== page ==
Like all historical writing, this book would not have been possible without the assistance and expertise of countless librarians and archivists. In particular, I owe significant debts of gratitude to the staff and scholars at the National Archives and Records Administration in both Washington, D.C. and College Park, Maryland; the Manuscript Division of the Library of Congress; the Washingtoniana Collection of the District of Columbia Public Library; the Smithsonian Institution’s Archives; the Massachusetts Historical Society; and the American Antiquarian Society. One archivist at the National Archives, William Davis, stands out in my memory as deserving of particular recognition. In 2009, in addition to offering advice on source material for my work, Mr. Davis was kind enough to escort me into the holding rooms behind the scenes of the Archives facility in Washington. Of course, his primary goal was to demonstrate to me that I had submitted a request for an absurd amount of material. But, for a young historian, that peek at the stacks containing the primary source history of the United States softened the news that I would have to submit a much more specific records request.

I need also to recognize the support of colleagues that I’ve worked with since joining the faculty at Texas A&M University–Corpus Christi. In particular, Eliza Martin, Jen Brown, Beth Robinson, and I have worked closely together to build a supportive community of new faculty, each of us having come on board at the same time. In addition, I received helpful feedback on this manuscript from a number of faculty who participated in the TAMU-CC Center for Faculty Excellence’s Dissertation to Book workshop series. Members of that group not already mentioned above included Brad Shope, Claudia Rueda, Kathryn Vomero Santos, and Sherdeana Owens. Last, I offer special thanks to Robert Wooster, who bravely volunteered to read the full manuscript, offering line by line comments as well as broad suggestions for changes that might be requested by reviewers. I’m certain his insights helped smooth the book’s passage through the peer review process.

Again, I want to thank my wife, Keren, to whom this book is dedicated, and also my parents, who were always supportive of my choices and goals.

Finally, my deepest appreciation goes out to Weezy, Miss Marple, Mrs. Fletcher, Mai, and all of the fosters who’ve briefly crossed our path over the years—even Latka, who bit me, twice. None of you helped one bit with the research or the writing. But you did continually insist that I strive for something resembling a work/life balance.



During the quarter century between the meeting of the First Continental Congress and the turn of the nineteenth century, nine cities and towns played host to the federal government of the rebellious colonies and the new United States. At that first Continental Congress in 1774, representatives from twelve of Britain’s North American colonies gathered in Philadelphia to discuss a collective response to Parliament’s passage of the Coercive Acts. Driven from place to place by British forces and sectional politics, the Second Continental Congress and the Congress established under the Articles of Confederation spent time in Philadelphia, Baltimore, Lancaster, York, Princeton, Annapolis, Trenton, and New York. And, finally, the government formed under the Constitution ratified in 1788 remained in New York for just over a year before moving to Philadelphia in 1790, where it spent the next decade before it departed for the new federal city of Washington in the District of Columbia.

In November 1800, when it removed to the shores of the Potomac River, the federal government took up residence for the first time in a newly built city, over which Congress had complete authority. Article 1, section 8, of the Constitution gave Congress the right to exercise exclusive Legislation in all Cases whatsoever, over such District (not exceeding ten Miles square) as may, by Cession of particular States, and the acceptance of Congress, become the Seat of the Government of the United States. Congressional jurisdiction over this District made it unlike any other municipality in the nation.¹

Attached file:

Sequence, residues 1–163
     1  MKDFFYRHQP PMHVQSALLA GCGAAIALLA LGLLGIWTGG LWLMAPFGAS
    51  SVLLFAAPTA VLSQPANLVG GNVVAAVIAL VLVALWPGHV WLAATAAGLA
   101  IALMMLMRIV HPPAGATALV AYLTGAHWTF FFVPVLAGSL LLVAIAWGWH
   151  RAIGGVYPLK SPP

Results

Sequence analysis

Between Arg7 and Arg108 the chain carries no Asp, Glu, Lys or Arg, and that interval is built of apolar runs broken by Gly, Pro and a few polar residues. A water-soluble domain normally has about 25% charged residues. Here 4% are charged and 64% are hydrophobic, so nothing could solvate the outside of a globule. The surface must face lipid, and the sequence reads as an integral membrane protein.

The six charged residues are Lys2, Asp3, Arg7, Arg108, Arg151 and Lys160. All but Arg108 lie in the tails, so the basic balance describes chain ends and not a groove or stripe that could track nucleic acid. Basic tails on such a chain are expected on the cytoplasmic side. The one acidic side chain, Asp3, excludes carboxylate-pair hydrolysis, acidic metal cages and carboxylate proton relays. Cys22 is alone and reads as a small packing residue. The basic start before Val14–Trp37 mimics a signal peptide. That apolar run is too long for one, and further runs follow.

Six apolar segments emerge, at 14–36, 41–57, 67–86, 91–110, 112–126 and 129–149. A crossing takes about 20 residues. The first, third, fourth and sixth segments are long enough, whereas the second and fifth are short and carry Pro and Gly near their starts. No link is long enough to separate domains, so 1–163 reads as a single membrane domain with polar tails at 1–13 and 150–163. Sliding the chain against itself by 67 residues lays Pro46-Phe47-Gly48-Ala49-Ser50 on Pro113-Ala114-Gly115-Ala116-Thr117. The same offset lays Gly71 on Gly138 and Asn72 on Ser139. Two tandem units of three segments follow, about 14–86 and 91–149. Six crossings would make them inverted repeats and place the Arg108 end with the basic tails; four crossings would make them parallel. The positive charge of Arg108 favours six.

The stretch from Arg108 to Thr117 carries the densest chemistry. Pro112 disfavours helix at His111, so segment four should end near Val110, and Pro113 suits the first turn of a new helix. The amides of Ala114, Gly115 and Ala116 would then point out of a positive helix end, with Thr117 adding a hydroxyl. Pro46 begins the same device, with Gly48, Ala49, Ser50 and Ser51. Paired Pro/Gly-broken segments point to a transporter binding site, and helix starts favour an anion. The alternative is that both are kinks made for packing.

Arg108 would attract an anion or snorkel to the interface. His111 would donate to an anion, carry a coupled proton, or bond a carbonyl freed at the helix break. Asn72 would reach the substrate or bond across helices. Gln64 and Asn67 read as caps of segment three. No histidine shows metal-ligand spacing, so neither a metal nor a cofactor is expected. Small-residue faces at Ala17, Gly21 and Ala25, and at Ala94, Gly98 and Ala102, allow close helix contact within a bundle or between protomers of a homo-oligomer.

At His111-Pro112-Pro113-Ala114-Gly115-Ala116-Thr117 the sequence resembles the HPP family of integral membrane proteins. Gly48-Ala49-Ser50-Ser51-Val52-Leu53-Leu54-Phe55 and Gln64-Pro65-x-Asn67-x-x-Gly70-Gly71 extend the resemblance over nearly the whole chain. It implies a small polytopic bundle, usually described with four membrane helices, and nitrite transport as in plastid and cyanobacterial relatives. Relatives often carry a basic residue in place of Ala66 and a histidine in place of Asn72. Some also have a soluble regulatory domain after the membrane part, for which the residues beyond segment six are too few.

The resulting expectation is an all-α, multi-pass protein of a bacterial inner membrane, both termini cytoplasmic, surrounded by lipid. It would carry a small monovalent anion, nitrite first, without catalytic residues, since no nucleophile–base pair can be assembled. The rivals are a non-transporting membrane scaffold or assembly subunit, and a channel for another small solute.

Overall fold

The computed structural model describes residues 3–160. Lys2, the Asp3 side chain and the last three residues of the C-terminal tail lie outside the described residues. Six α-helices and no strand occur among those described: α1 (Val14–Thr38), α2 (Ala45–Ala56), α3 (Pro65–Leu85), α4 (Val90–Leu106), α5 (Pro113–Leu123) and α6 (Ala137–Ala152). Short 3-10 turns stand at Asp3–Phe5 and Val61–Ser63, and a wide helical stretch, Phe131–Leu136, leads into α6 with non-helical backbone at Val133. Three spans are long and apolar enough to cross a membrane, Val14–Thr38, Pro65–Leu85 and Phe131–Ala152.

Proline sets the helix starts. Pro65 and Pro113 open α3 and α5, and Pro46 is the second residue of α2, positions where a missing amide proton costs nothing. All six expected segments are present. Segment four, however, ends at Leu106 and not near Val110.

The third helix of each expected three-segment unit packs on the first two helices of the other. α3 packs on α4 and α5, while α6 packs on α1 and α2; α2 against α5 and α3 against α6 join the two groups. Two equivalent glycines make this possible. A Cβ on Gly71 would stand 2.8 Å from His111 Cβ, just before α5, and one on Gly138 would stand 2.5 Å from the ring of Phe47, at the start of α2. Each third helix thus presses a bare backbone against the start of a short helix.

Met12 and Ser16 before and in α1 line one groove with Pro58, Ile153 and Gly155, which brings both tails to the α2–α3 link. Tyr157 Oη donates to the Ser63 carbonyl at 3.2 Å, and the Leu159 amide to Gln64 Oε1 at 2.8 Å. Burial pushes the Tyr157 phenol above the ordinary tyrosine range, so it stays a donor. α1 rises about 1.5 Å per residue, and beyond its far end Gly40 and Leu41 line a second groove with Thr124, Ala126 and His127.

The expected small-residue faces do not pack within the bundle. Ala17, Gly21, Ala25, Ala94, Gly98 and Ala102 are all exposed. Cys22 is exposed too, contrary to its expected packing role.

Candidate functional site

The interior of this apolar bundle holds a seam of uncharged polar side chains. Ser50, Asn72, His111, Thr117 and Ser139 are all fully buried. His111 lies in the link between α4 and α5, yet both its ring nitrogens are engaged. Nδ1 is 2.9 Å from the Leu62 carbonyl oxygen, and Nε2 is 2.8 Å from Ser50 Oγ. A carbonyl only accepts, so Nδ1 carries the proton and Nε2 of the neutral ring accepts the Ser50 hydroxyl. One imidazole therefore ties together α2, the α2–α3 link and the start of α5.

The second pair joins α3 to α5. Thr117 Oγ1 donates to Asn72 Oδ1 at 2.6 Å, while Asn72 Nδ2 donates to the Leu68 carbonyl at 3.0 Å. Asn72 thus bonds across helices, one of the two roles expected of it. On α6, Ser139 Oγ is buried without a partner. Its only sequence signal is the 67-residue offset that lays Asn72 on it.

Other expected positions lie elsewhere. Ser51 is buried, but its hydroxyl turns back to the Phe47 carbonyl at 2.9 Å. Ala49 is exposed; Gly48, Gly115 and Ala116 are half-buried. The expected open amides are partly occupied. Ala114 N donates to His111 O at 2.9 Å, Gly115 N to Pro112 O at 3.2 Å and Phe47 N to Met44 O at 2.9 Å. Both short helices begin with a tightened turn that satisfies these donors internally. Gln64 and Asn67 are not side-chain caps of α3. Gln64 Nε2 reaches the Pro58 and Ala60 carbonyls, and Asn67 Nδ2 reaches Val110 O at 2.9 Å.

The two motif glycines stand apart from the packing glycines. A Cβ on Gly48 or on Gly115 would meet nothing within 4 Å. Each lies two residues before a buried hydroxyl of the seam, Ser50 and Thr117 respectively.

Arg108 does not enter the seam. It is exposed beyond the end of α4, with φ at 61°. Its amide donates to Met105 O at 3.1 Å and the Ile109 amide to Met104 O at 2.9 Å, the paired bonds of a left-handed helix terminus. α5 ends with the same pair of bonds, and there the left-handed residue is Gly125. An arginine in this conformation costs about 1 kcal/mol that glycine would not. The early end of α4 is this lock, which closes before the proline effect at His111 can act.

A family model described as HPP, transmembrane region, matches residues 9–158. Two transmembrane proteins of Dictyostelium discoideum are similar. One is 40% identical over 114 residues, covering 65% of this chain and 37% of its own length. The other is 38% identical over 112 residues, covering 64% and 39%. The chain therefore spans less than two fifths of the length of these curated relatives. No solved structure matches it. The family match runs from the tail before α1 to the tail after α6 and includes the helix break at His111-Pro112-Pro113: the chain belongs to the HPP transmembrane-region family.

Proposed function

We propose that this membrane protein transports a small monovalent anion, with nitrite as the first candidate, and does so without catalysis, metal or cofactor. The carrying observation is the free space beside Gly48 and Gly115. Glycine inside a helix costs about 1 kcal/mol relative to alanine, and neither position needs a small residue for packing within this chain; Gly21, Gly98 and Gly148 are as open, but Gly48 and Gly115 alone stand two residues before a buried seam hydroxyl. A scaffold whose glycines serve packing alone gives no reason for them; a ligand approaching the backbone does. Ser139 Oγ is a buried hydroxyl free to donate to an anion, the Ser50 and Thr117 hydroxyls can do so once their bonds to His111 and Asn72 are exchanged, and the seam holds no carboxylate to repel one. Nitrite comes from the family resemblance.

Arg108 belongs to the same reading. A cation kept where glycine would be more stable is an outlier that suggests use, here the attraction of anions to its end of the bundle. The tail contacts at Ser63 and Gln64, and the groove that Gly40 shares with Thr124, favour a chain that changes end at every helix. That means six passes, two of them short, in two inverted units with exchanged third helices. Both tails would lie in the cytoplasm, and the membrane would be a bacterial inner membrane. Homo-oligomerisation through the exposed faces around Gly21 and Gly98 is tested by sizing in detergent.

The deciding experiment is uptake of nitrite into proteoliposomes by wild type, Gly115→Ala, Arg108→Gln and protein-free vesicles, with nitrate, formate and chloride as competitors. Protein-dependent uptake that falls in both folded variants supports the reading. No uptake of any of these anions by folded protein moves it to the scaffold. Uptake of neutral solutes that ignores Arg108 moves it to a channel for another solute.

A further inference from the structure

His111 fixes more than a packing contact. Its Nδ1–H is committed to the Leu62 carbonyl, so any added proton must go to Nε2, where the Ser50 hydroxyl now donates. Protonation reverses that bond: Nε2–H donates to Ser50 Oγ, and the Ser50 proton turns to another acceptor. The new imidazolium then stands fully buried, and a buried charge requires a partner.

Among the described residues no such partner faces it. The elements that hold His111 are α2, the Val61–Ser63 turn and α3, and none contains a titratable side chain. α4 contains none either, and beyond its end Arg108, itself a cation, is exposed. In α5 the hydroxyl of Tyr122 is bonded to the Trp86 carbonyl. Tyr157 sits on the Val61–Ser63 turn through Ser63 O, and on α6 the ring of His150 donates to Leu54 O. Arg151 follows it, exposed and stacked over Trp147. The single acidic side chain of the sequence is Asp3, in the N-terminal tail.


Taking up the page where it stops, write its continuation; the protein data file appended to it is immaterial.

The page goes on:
The desire to create a federal district separate from any state grew out of Congress’s experiences during and after the Revolutionary War. Especially during their multiple stays in Philadelphia, delegates to the Continental and Confederation Congresses found that their presence in the Pennsylvania state capital created opportunities for political interference between state and federal authority. In June 1783, members of Congress found their security and, worse, their authority questioned by approximately 280 American soldiers, largely from the Continental Army’s Pennsylvania Line. The soldiers had marched on the Pennsylvania State House to demand from the state’s Executive Council a portion of the pay due to them for their service in the army. Although their service had been to the Continental Army and the Confederation Congress also met in the same building, the soldiers had not sought an audience with the representatives of the thirteen states. Well aware that Congress lacked cash on hand and the authority to compel payment from the states, the soldiers sought to bypass the national government by arriving on a Saturday when they knew that the council would be in session but the Congress would not.²

Worried about the dangerous precedent that would be set by allowing a state to answer debts owed by the federal government, a number of congressmen attempted to convene an emergency session at the State House. And although a quorum never materialized, those who did attend encouraged Pennsylvania’s leaders to avoid undermining the authority of the federal government. That evening, the soldiers voluntarily dispersed after the council agreed to hold a meeting with their leaders and to review their petition. After the soldiers’ departure, a quorum of delegates, representing seven states, met and unanimously agreed to remove the national government to either Trenton or Princeton. Those congressmen who advocated for a strong national government saw the move as a way to preserve the dignity of Congress, while those who supported a weaker central government welcomed the opportunity to separate it from the nation’s largest and most politically and economically powerful city. This event also convinced many supporters of strong central authority that the federal government would require a territory of its own. And, not surprisingly, they included just such a district in the federal Constitution drafted in 1787.³